Robert Pasin not only sees himself as Radio Flyer’s “Chief Wagon Officer,” but also as the “Chief Recruitment Officer.” He’s so focused on the company selecting and hiring the right people, that he interviews every candidate to assess if they are a great match long-term.

Debrief after every interview to score candidates

Evaluating the candidate after the in-person interview is just as important as the interview itself. These companies invest time and energy to incorporate feedback from everyone involved in the hiring process.

After every interview, the hiring team at Balsam Brands debriefs to discuss observations and conversations with the candidate. This includes everyone who interacted with the candidate, from the most junior team member to the CEO, Thomas “Mac” Harman. “Debriefs are really effective,” Vice President of People Initiatives & Strategic Projects Claire Magat explains. “They help us uncover biases and ensure that every voice is heard as we make a hiring decision.”

At Radio Flyer, the selection team gathers to learn from each other’s interview experiences. They also evaluate the candidate to determine how he or she will perform at the company. The scorecard has helped the company interview faster, and match talent better.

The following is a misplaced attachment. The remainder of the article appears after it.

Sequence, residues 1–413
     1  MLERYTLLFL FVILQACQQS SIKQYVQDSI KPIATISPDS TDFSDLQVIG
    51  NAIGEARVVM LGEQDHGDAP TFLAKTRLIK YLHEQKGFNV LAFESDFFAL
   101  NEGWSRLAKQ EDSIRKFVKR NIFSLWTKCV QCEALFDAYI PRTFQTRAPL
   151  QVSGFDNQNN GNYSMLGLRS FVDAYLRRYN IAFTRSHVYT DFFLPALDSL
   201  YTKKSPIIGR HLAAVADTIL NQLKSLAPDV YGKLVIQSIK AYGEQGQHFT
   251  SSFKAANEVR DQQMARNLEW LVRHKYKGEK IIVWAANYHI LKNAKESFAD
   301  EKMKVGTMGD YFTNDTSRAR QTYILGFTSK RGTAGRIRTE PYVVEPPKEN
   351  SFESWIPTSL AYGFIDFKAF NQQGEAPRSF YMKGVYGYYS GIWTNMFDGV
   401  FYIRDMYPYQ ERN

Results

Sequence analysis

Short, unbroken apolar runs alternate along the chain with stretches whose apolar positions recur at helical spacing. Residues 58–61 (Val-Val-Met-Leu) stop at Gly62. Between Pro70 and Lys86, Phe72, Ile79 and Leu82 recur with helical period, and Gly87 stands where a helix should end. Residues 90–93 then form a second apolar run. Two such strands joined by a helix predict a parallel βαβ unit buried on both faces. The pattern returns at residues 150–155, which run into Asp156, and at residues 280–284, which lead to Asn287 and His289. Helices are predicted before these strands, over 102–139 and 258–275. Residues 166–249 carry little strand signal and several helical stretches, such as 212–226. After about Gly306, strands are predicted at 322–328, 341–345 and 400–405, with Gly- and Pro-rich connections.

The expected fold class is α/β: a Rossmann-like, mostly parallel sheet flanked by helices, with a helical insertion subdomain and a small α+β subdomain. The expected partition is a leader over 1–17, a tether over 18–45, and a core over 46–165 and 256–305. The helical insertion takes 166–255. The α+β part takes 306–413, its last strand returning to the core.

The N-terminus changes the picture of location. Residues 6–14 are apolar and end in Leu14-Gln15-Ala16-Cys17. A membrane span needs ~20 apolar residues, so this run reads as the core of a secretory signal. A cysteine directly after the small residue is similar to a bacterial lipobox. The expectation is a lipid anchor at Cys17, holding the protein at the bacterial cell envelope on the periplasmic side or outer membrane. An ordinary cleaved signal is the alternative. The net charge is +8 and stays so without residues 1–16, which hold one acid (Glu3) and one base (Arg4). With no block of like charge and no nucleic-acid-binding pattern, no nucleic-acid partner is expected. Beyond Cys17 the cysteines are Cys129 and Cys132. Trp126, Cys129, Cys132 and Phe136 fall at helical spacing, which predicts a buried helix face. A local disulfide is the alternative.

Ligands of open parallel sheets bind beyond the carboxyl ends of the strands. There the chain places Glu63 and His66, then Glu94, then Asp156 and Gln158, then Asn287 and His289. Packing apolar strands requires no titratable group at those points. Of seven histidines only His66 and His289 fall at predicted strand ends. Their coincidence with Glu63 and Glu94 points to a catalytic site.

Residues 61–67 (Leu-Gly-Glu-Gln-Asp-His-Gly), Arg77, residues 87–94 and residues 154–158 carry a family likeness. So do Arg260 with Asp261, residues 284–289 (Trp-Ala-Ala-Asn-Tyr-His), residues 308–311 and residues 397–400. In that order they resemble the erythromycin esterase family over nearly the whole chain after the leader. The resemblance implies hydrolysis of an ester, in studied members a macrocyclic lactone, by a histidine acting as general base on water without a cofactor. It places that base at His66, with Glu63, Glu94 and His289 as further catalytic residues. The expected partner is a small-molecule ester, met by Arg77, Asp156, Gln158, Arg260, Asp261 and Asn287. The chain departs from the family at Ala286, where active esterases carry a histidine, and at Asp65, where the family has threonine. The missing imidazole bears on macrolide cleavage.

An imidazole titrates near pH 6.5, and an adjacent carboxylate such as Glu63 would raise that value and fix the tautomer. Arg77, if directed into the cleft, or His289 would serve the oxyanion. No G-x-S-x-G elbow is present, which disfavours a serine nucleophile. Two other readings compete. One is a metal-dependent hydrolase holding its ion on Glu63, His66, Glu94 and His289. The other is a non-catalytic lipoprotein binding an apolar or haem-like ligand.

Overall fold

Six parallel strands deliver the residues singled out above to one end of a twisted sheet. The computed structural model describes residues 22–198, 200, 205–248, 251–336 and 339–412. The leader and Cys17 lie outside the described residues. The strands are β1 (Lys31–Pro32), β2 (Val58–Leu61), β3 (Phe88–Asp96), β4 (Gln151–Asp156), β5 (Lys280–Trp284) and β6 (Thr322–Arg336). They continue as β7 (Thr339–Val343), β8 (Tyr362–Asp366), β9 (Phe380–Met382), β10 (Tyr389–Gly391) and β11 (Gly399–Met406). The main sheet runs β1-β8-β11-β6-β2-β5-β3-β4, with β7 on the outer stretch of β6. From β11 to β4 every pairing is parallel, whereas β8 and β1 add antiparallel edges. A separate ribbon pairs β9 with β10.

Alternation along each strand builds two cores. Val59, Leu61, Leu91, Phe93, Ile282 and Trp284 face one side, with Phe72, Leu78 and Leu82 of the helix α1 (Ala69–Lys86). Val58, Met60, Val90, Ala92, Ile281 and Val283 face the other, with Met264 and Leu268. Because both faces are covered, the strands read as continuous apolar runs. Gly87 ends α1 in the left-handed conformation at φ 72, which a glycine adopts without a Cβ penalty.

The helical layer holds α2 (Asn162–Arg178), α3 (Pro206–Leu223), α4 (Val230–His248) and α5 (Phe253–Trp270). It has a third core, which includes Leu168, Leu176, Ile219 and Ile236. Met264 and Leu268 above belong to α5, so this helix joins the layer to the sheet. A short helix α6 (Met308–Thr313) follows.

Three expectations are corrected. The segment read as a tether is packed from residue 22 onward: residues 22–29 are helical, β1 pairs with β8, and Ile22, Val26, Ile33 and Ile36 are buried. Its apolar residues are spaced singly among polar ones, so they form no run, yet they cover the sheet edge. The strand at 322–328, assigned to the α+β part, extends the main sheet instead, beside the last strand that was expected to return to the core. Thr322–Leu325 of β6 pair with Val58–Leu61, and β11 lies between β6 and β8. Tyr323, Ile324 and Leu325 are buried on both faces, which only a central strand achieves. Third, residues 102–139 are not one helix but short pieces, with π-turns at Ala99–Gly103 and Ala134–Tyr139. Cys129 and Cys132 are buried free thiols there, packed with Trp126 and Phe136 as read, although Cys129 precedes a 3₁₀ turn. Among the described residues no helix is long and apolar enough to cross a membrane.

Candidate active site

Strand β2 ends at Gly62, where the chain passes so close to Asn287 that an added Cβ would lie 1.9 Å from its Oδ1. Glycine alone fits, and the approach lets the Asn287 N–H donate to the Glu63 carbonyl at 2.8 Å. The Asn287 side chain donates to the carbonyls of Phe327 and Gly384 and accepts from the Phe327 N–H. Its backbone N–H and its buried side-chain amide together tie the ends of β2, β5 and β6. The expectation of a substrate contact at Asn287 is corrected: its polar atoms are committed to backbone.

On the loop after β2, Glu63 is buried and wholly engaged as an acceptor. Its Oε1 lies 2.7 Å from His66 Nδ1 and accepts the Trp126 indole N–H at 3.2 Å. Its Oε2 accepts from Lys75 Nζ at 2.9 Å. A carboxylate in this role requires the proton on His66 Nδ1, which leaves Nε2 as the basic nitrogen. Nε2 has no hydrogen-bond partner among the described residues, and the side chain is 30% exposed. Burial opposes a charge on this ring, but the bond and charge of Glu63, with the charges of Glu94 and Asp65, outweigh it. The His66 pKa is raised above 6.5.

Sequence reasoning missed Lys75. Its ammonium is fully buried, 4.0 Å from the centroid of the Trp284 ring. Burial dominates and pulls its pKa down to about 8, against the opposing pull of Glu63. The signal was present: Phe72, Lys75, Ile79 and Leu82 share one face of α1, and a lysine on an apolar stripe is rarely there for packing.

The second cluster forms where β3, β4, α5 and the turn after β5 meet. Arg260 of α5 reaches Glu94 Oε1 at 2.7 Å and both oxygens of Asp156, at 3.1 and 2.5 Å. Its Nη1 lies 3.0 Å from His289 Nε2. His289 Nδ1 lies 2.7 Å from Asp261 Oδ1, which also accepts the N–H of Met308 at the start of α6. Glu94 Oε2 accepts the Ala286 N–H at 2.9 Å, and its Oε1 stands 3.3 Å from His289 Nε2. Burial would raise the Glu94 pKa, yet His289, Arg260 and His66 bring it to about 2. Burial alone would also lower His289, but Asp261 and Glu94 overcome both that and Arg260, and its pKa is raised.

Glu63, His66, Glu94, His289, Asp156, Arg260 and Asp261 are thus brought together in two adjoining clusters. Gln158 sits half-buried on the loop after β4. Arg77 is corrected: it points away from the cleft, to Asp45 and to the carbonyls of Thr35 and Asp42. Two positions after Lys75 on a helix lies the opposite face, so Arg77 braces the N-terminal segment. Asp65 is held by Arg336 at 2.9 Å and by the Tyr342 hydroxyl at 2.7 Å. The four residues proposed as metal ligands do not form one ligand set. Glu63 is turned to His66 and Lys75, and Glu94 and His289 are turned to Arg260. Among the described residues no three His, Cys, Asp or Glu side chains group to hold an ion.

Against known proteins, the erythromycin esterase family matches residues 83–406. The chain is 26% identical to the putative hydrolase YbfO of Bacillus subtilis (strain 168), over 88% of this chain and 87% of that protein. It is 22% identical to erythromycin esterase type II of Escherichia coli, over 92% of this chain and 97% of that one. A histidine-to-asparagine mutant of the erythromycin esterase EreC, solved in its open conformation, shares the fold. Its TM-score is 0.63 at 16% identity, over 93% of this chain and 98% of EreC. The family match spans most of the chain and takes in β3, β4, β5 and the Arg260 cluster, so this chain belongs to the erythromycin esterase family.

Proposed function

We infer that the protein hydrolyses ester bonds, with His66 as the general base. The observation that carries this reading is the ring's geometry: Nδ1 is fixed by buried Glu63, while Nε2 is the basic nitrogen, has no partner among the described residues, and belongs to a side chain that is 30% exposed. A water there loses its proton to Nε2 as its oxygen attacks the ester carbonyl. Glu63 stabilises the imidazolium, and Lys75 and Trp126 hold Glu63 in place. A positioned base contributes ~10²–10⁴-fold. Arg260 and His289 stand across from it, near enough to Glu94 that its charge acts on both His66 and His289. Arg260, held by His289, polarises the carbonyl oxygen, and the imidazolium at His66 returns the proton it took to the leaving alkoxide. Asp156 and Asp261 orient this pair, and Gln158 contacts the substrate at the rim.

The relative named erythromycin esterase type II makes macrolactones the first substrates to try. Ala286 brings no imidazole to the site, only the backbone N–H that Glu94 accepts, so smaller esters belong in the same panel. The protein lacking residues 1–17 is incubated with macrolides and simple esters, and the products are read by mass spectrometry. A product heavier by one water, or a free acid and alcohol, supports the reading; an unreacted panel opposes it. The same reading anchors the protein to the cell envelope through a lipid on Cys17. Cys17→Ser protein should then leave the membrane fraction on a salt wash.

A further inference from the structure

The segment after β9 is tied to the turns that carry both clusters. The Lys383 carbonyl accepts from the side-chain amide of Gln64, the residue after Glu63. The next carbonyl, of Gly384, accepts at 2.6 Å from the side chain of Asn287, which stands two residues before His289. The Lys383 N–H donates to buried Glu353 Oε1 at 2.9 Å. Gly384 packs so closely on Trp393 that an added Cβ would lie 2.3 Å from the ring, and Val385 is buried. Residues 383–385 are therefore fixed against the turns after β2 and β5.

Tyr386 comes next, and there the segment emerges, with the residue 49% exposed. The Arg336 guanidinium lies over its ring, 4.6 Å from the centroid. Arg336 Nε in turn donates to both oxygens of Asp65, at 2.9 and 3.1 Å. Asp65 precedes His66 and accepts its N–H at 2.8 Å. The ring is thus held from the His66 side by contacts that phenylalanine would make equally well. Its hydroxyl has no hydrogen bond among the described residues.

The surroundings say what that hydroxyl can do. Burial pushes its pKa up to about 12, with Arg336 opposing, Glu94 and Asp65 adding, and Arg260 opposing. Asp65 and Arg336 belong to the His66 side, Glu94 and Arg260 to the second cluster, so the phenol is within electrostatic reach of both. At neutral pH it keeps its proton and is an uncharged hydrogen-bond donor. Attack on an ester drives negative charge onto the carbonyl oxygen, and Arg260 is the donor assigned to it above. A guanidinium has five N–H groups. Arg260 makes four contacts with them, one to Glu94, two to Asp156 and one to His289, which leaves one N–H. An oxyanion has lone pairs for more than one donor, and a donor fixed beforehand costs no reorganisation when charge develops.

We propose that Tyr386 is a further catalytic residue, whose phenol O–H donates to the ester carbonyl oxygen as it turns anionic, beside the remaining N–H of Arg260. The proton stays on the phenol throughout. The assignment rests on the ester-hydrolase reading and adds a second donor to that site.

Don’t be afraid to leave roles open

It may sound counter-intuitive, but keeping a desk empty actually helps these businesses grow, and grow right.

Radio Flyer is extremely determined to achieve their vision, so they want to hire the right people who fit their culture, live their values and believe their mission. If they can’t find that person right away, they will leave the req open. “I strongly believe an open position is better than a bad match,” Amy explains. “Having the discipline to know when to hire, and not hire, will ultimately help us grow.”

Balsam Brands has the same philosophy. The talent acquisition team is so focused on culture and skills fit that they would rather leave a position open and evolve it based on business needs than hire the wrong person. “While we may be very eager to fill a role, we never hire out of desperation. We take our time,” Claire says.